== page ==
$125m-backed Suno is being used to make racist and antisemitic music

Suno, the increasingly popular and well-funded AI-powered music generator, and whose tech has been integrated into Microsoft products, has been used to create music with hateful messages, according to a report from the Anti-Defamation League (ADL).

The ADL says it has uncovered “a vast library of disturbing songs created with Suno,” including songs that glorify Hitler and “white power,” tracks that employ racial slurs and others that spread racially-charged misinformation about the Israel-Hamas war and the Covid-19 pandemic.

The tracks highlight “the critical need for stronger content moderation guidelines and heightened awareness of the myriad ways in which bad actors are weaponizing” generative AI, the ADL said in a blog post published on Friday (June 14).

Among other things, the blog post shared screenshots from the Suno platform of a gangsta rap track called Squatting for Hitler, whose lyrics refer to a “national awakening” on behalf of the Nazi leader:

Image via ADL

Another screenshot featured the lyrics to a track called Wuhan Blues, which “includes bigoted [anti-Asian] tropes and stereotypes about the COVID-19 pandemic,” the ADL said.

Image via ADL

Suno’s terms of service state that the service forbids content that is “unlawful, harmful, threatening, abusive, harassing, tortious, excessively violent, defamatory, vulgar, obscene, pornographic, libelous, invasive of another’s privacy, hateful, discriminatory, or otherwise objectionable.”

However, the ADL says users have been able to get around restrictions on hateful content through a variety of tricks that get past the AI, and have been sharing those tricks on social media platforms.

The organization said it has contacted Suno and Microsoft about these songs, but “did not receive a response”.

However, it appears that Suno has taken action, at least with respect to the tracks flagged by the ADL. In a search of Suno’s catalog on Tuesday (June 18), MBW was unable to find any of the tracks cited in the ADL’s report.

The report comes a month after Suno closed a $125-million Series B funding round that valued the company at a reported $500 million. Investors in the firm include VC firms Matrix Partners, Lightspeed Ventures, and Founder Collective, as well as former GitHub CEO Nat Friedman, and Andrej Karpathy, a co-founder of ChatGPT maker OpenAI.

Suno also has the backing of Microsoft, in the form of a partnership that has seen Suno’s tech integrated into Microsoft’s Copilot AI app.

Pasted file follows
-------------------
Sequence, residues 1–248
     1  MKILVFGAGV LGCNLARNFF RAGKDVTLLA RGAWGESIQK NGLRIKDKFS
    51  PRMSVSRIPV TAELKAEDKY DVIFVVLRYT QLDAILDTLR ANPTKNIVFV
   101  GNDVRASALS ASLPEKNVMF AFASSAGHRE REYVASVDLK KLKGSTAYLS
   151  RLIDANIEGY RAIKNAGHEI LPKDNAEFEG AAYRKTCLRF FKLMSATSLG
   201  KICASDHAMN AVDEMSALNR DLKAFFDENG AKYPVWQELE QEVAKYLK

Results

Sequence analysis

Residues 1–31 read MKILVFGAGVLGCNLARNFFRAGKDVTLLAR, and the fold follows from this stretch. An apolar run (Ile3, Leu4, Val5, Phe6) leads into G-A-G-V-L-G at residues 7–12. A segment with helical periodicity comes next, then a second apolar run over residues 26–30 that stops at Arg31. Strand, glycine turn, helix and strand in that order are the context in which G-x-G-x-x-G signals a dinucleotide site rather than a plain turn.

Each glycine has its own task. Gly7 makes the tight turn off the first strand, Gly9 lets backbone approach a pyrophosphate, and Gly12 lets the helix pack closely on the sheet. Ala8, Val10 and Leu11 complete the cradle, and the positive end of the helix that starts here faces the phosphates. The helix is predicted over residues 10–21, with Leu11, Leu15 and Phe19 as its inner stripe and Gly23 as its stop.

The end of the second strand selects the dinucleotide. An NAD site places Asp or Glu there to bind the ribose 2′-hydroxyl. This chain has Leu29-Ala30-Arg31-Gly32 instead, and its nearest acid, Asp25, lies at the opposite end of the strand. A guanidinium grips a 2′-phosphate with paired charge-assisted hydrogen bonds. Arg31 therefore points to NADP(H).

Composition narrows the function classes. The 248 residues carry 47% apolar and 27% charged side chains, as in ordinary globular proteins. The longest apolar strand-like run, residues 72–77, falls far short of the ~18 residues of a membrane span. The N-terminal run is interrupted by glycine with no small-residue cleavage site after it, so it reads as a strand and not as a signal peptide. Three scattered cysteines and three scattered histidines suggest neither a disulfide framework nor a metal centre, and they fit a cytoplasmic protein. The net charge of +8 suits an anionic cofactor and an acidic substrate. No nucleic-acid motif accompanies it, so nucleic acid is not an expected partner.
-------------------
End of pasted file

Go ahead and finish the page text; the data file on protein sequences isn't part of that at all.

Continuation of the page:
For the music industry, Suno is a growing source of concern, amid suspicions that the company trained its AI on copyrighted music without authorization.

In a recent column for MBW, Ed Newton-Rex, former Head of Audio at Stability AI and the founder of the non-profit ethical AI accreditation organization Fairly Trained, showed the results of a forensic analysis of Suno-generated songs, which Newton-Rex said suggested the company had trained its AI on material from Ed Sheeran, ABBA, and Queen, among others.

One of the company’s early investors – Antonio Rodriguez of Matrix Partners – suggested to Rolling Stone earlier this year that he is prepared for Suno to be sued by copyright holders, but still preferred that the company didn’t sign licensing agreements with record companies because “they needed to make this product without the constraints.”

Suno’s problems with hateful content reflect those experienced in recent years by other digital companies in the music space, and by firms offering public access to AI technology.

Multiple investigations into music streaming services have uncovered hateful content on these platforms. In 2017, Spotify removed music uploaded by a number of white supremacist groups –  as defined by the Southern Poverty Law Center – after tracks from these bands were found on the streaming platform.

However, removing this content from music streaming platforms has proven to be a game of whack-a-mole.

In 2020, a BBC investigation uncovered more racist content on Spotify, as well as on Apple Music, Deezer and YouTube Music, including songs that featured “an excerpt of a Hitler speech, calls for ‘Aryans’ to make a brand new start and references to white power.”

In 2022, the ADL reported it had found “40 white supremacist artists with a presence on Spotify.” Although the platform had updated its rules following an ADL report on extremist content on Spotify, the rules “do not appear to be strictly enforced,” the ADL stated.

AI technologies have also at times been susceptible to these types of issues. Perhaps most famously, in 2016 Microsoft shut down Tay, a chatbot, after users managed to manipulate it into expressing hateful comments within hours of launch.

On Tuesday (June 18), the UN culture and education organization UNESCO issued a report warning that AI could be used to “distort the historical record of the Holocaust and fuel antisemitism.”

“ChatGPT and Google’s Bard, have both produced content detailing Holocaust-related events which never took place. ChatGPT entirely fabricated the concept of ‘Holocaust by drowning’ campaigns in which the Nazis drowned Jews in rivers and lakes, and Bard generated fake quotes from witnesses to support distorted narratives of Holocaust massacres.” UNESCO said.

In its report on Suno, the ADL issued a number of recommendations to address the issue of hateful content on its platform, including clearer terms of service, investing in trust and safety personnel, building “discouraging mechanisms” into Suno, and making text prompts publicly available to “demystify some of the coded language in problematic lyrics.”Music Business Worldwide

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